Guidelines on Ethical Conduct and Publication of Health Research


 These guidelines are intended as a reference for authors and reviewers. JUCMD endeavours to maintain the highest ethical standards for the articles it publishes. To do so, the journal follows established international standards and guidelines on the conduct and publication of health research, including the World Medical Association’s Declaration of Helsinki, the Council for International Organizations of Medical Sciences (CIOMS), the Committee on Publication Ethics (COPE), the International Committee of Medical Journal Editors (ICMJE), and the World Association of Medical Editors (WAME).

JUCMD considers these guidelines as necessary to make its position known and to provide authors with clear and easily accessible information on the important ethical issues to ensure that their papers are ethically compliant.

Authors’ responsibilities

Papers submitted for consideration for publication to the EMHJ should comply with the Recommendations for the Conduct, Reporting, Editing, and Publication of Scholarly work in Medical Journals of the ICMJE.

 Ethical approval

JUCMD expects authors to adhere to the Ethical Principles for Medical Research Involving Human Subjects outlined in the World Medical Association’s Declaration of Helsinki and CIOMS. For research involving humans, every research article submitted must include a declaration that before carrying out its field work, the study had obtained ethical clearance from a recognized body in the country, for example, the institutional review boards or research ethics committees. Research involving animals are expected to follow the relevant standards of ethical research. If ethical clearance was not considered to be required, a statement indicating the reasons it was not required must be provided. In any case, authors are expected to follow all requirements of ethical conduct of research, reporting of the findings, and preparation of manuscripts.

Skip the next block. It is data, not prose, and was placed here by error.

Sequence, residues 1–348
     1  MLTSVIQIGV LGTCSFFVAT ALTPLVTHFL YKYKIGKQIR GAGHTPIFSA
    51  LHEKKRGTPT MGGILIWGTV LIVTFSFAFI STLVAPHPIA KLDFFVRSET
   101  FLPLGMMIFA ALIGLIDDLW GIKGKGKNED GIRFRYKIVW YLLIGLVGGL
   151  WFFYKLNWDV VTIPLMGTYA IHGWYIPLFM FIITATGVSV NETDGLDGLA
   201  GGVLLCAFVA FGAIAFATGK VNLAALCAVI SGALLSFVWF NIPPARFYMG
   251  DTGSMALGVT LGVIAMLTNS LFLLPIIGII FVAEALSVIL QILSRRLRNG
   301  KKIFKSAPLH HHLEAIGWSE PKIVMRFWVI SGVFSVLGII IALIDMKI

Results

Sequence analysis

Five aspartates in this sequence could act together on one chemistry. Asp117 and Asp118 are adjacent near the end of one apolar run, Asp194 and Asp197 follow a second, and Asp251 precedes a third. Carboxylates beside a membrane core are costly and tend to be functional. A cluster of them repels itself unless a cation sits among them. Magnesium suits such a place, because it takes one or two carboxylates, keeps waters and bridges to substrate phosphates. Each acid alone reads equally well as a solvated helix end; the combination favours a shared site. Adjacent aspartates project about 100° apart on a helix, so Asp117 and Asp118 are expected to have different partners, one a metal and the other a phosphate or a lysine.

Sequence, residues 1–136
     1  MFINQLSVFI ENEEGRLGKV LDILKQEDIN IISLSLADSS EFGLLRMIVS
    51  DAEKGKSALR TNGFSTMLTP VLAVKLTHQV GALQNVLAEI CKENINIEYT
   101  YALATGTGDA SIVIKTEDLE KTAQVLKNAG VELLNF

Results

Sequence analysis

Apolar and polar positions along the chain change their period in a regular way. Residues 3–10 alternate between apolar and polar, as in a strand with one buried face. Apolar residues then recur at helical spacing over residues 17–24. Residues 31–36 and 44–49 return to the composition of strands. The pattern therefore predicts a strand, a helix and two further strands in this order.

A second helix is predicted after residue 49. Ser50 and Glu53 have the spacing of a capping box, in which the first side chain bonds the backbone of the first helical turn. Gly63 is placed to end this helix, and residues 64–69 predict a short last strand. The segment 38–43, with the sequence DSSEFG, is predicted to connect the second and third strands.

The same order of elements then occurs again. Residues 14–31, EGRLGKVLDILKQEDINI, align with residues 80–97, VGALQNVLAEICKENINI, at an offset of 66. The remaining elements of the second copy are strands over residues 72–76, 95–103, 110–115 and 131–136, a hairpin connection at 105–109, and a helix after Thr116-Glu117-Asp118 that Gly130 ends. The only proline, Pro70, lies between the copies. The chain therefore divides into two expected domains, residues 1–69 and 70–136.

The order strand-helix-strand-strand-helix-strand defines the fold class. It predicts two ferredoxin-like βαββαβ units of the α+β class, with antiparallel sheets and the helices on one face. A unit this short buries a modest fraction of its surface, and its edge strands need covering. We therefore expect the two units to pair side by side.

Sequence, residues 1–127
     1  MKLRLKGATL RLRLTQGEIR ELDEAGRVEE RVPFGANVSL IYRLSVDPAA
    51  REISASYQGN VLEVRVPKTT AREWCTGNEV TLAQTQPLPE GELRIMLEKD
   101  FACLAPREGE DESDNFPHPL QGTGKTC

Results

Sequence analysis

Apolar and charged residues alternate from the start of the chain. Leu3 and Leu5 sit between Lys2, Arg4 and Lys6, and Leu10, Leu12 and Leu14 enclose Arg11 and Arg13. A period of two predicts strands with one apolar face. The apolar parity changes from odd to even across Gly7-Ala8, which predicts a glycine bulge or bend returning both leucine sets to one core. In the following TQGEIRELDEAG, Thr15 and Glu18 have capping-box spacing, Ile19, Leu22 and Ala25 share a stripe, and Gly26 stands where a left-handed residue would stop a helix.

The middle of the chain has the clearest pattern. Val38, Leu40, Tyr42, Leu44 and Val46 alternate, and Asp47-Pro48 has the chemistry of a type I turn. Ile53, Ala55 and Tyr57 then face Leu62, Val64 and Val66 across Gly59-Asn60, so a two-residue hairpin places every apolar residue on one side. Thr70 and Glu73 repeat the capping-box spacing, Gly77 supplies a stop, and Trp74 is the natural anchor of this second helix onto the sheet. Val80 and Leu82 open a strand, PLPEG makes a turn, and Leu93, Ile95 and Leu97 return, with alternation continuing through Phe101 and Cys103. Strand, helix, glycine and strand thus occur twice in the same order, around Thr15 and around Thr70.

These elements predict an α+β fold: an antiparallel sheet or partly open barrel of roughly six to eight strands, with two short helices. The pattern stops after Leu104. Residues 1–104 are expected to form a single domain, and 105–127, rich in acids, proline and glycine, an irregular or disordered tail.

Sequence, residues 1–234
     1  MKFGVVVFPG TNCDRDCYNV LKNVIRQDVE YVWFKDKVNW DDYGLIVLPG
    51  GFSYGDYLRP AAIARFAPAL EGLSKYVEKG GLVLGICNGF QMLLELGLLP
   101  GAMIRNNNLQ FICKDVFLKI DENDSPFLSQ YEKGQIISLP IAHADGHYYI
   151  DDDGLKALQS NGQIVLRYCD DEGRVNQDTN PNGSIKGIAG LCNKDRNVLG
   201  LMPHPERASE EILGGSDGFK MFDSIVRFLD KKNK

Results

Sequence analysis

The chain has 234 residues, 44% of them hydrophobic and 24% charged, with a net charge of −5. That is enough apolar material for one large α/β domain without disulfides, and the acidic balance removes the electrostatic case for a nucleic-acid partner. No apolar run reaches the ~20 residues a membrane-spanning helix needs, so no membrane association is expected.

Participant confidentiality and respect

Manuscripts should be prepared in such a way that they preserve participants’ confidentiality. Authors are expected to obtain an individual’s explicit consent for the use of any personal or medical information that may make the participant identifiable and must ensure the dignity and respect of the participants and their communities in their manuscript.

 Competing interests

JUCMD requires authors to provide details of any competing interests. A competing interest may occur when an author’s personal, family, or institutional interests (e.g. sources of funds, earnings, relationships, etc.) may affect the research, its findings, or publication of the manuscript. JUCMD will not reject a paper solely on the basis of a declared competing interest but will take this into consideration, when assessing a paper and, if considered relevant, including such information in the published paper.


JUCMD requires authors to state all sources of funding for their study.

 Clinical trials registration

JUCMD requires registration of clinical trials in national trials registry before undertaking the trial, as a condition of consideration for publication.